Daily Proverbial, 5 March 2012

Speak up for those who cannot speak for themselves, for the rights of all who are destitute. Proverbs 31, verse 8.

Over the weekend, my wife and I went to see “The Artist.” By the way, if you haven’t seen this movie and you want to see something that’s truly entertaining and extremely well done, go see “The Artist.” We occasionally enjoy Indie movies, and after all the awards it received, we wanted to check it out. It’s a really ‘back to the future’ movie.

Naturally, before the movie there were quite a few previews, and one of the movies in the preview lineup was a documentary called “Bully.” You can guess the subject matter. Apparently, the film follows the stories of a number of kids who are bullied in school and how they deal with it. The website for the movie says that 13 million kids in America are bullied in school every year. To be honest, I’m always suspicious of statistics; I believe they’re usually reported liberally and designed for shock effect. This one, however, is one with which I’m familiar. It doesn’t really matter how many are bullied: it matters that it’s happening.

I’ve mentioned here before that I was bullied as a kid. Eight schools in thirteen years and by the fourth one, I had become an insecure, overly sensitive, and easily picked-on vulnerable boy. By the time I graduated from high school, I had learned to compensate for being scorned, taunted, hit, and threatened by displaying a sometimes over-confident demeanor. Sometimes I wonder how life would have turned out if I had made different choices and stood up for myself earlier. Would some of the choices I’ve made turned out differently if I had become wired differently? I’ll never know and, like the movie’s statistic, perhaps it really doesn’t matter as much as the fact that what is done is done.

It’s in the past and now, in middle age, I admit that even now I think about things that happened. From the vantage of being years-removed, I can analyze it, confront it and accept what I did and what I didn’t do in response. Bullying is as old as Cain and Abel and we know how that one turned out. I believe that’s one reason why today’s verse says what it does in the time that it did. Even 3500 years ago – many centuries after those first two children – there were problems with men bullying other men. I suspect that, way back in ‘the day,’ society expected that learning to adapt to things like bullying was simply a rite of passage; you adapted and overcame or you got crushed. Whoever wrote this proverb understood this and saw how it was in conflict with the harmonious way in which God wanted us to live.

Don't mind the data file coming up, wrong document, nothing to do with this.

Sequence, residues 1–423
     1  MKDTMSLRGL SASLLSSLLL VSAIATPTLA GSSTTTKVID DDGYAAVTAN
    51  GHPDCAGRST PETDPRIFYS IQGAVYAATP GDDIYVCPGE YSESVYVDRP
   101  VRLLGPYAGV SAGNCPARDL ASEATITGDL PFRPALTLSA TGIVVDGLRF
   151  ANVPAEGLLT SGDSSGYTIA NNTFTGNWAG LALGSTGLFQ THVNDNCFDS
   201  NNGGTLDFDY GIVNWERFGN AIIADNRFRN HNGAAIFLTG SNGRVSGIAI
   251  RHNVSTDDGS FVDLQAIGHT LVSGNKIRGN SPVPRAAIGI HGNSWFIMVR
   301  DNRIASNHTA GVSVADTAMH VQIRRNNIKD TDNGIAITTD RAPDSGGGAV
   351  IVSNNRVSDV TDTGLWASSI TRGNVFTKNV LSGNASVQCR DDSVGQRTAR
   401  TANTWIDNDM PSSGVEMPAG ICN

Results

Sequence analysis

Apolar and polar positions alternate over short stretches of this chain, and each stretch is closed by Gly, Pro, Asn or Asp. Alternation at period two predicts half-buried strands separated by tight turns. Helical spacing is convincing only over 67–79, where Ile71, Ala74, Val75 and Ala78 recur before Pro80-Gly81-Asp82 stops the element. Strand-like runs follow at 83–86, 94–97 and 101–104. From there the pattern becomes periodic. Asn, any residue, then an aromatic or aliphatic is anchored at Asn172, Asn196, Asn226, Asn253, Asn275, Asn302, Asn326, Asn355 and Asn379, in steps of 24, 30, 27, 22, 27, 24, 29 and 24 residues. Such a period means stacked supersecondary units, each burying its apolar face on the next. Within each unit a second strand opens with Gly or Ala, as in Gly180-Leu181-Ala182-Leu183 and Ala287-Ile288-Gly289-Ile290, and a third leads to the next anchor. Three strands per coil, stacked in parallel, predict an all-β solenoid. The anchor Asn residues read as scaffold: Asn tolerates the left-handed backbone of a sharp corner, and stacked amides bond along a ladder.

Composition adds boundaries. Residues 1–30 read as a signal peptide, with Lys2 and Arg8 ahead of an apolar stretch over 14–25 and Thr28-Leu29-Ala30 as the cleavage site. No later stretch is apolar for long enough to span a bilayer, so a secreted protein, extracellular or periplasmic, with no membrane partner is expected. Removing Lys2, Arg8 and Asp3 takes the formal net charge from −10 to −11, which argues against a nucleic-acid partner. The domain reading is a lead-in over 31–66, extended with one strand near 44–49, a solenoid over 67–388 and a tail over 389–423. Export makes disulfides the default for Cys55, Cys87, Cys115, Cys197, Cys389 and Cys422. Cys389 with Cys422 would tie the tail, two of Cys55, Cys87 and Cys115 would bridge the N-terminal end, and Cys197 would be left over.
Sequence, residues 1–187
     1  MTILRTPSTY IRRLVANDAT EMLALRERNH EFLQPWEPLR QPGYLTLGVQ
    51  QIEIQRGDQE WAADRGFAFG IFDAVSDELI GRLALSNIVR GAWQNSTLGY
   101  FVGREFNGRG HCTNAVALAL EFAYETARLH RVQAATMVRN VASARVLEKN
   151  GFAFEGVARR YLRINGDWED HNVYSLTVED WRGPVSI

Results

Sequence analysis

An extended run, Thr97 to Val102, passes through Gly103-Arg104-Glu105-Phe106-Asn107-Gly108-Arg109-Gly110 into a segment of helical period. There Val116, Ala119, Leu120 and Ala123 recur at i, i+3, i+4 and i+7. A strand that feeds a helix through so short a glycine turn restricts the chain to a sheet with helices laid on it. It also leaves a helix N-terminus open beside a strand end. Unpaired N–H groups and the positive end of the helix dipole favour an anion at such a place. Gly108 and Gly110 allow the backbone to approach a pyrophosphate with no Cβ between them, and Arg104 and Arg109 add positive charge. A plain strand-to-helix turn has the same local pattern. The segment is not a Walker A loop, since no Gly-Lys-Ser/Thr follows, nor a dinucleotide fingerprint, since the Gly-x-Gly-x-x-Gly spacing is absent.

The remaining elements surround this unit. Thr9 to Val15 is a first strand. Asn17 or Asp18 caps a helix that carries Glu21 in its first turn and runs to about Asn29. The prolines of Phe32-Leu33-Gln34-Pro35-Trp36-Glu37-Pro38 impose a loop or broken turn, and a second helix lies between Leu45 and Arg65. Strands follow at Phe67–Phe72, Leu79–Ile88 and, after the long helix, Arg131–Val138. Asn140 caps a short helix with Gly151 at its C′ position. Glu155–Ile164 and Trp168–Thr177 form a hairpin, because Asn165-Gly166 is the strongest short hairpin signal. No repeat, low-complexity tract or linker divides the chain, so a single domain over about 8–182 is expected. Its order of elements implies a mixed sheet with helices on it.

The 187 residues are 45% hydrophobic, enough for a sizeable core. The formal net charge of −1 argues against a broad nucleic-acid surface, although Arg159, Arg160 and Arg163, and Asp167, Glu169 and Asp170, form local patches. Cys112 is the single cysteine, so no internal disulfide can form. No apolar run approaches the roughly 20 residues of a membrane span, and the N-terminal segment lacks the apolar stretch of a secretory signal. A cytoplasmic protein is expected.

They saw it and saw that it is the duty of every person to stand up for those who can’t stand up for themselves. People who are bullied, people who are impoverished, people who are beaten down, people who are oppressed, people who are outcast, people who are hurting: God wants us to stand beside them because He stands beside us. The writer understood that freedom is a gift from God, that even ‘the destitute’ have rights and that bullies will prey on the vulnerable to oppress and deny them their rights. It is our privilege to speak up for each other, to stand up for each other and stand in-between the oppressed and the oppressor, not to solve the problem but to stop the affliction. Is it our business to stop every fight, oppose every bully, and fight every battle for those who can’t? What does this mean in our schools, or writ larger, in our affairs as a nation? Just how far should we as a nation go to stand up for a tiny nation that can’t defend itself? Would you be willing to do it for a kid in your neighborhood, or one spouse being bullied and abused by another?

You won’t get the answers to such questions from me. They aren’t above my pay grade but they are out of my control. Only God has the answers, and perhaps it’s time we pressed the questions; doing so is also our privilege and our duty, and it’s fully within our pay grade. Standing together, we can inquire of Him, understand His response, and stop the hurting. You and I can stand in-between and allow things to cool down, letting the bullied build up and get their bearings, and letting the bully cool down and find a better center. At just the right time, God inserted Himself into human history to do something like this, standing in-between us and our sins and the spiritual death due to us for them. Satan is a crafty bully, you know. He’s a damned coward, hitting us where we’re vulnerable, bullying us with doubt until he finds an opportune time to beat us down in other ways. God With Us stood in the breach, allowing us time to cool down and find in Him a better way.

The verse for today was written thousands of years ago. May I ask what has changed? For most of planet earth, bullying is still accepted and nations are filled with people who make their way in life by bullying; hello President For Life Vladimir Putin. Or anyone remember when Saddam marched into Kuwait, Hitler into Czechoslovakia, or John Edwards onto the political stage? Anyone listened to some of talk radio lately, or watched “The View”? Neither of those are “The Artist.” They’re more like “Bully,” often times showing what happens when the stronger feed on the weaker and people don’t have an advocate who can speak up for them.


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